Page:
My initial reaction was an almost physical sense of revulsion. The truth is, however, that Darius was being professional. I hate that the film business does that to you, but it does. The idea is to make the best film possible, and the place did have an ideal look. From a strictly visual perspective it was indeed a great location. Darius is an incredibly talented cinematographer, and he got that way by pushing hard to get the best looking places on film. As a Location Manager, however, I need to factor in all of the variables. Setting aside my humanity for a second, even if we were able to film there it would be a mistake to do so. It would be impossible for the actors to deliver any sort of decent performance working in such a place, or for the crew to function well. In any case we weren’t going to find out. Barely controlling my anger, I bit off my words.

    “We are not going to film here. We are not going to scout here. I will not allow it.” I meant it. I was prepared to prevent it physically, if need be.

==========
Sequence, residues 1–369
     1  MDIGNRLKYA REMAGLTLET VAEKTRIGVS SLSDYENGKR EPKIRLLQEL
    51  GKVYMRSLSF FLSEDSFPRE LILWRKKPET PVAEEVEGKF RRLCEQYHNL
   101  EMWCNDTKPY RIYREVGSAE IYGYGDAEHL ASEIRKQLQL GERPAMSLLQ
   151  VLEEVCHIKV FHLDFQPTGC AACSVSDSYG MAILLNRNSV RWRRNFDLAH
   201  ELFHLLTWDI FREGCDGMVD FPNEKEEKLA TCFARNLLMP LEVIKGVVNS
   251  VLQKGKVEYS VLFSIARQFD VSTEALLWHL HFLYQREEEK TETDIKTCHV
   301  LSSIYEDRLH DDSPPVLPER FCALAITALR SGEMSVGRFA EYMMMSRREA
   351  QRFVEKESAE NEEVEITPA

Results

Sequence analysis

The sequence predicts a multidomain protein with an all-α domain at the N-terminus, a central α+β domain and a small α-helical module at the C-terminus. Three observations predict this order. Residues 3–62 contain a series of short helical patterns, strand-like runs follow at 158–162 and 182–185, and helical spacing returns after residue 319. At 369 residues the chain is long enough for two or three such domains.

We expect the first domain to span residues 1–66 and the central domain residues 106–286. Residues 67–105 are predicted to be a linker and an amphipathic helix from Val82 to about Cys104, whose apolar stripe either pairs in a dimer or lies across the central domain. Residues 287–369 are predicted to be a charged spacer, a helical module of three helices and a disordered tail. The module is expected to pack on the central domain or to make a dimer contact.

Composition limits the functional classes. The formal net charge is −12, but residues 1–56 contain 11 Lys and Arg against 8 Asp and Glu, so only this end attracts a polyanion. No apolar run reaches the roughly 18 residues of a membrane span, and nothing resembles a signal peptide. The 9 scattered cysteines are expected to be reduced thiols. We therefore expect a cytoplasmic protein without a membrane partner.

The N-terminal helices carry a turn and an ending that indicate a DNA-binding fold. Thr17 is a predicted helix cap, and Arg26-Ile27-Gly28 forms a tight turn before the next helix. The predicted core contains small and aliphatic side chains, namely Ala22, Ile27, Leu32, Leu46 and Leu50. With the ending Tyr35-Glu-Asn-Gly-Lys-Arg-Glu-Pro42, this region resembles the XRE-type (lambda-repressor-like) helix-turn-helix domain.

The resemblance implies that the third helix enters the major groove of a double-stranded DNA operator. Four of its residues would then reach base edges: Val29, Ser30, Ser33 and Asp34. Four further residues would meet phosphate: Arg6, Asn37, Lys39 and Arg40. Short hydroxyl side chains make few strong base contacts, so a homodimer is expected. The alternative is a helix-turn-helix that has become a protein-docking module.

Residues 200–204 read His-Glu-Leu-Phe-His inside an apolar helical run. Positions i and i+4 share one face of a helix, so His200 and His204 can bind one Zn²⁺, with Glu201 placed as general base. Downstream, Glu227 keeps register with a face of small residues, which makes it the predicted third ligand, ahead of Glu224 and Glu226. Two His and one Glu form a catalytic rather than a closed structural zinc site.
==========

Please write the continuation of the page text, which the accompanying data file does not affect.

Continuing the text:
In a rare display of humanity, Kar Wai reached out and gently laid a hand on my shoulder.

    “Sam is right. This is a place of sadness. We are not filming here. I would like to take a look around though.” He looked to me as if for permission. I nodded my head in assent.

    I don’t want to give the wrong impression. Darius is a really good person, and one of the most empathetic men I’ve ever met. I’m sure that given a few minutes he would have come to his senses. His initial reaction was purely objective and mine was very much not. I can’t entirely explain it, as it’s not that I ever felt any particular connection to Dr. King. Yes, he was a great man, but I hadn’t ever given him much thought. Not until that moment, at least. I do have a great sense of history, though, and being confronted with the reality of what had happened he suddenly was of great import to me.

    As we toured what turned out to be part of The National Civil Rights Museum it was all I could do to keep the tears from flowing. Historically important as the place is, I’m still not sure I’d ever go back. The Lorraine Motel is preserved just as it was the day of the assassination. Statues have been built recreating the famous photo taken moments after the shot rang out, where Dr. King is sprawled on the balcony and the men with him point in the direction it came from. I couldn’t even bring myself to take any pictures, it was all just a bit too much.

    As we finished up the tour Kar Wai broke the silence.

    “Let’s go get a drink.”

    ….

    STAY TUNED FOR THE NEXT INSTALLMENT OF THE SCOUTING LIFE.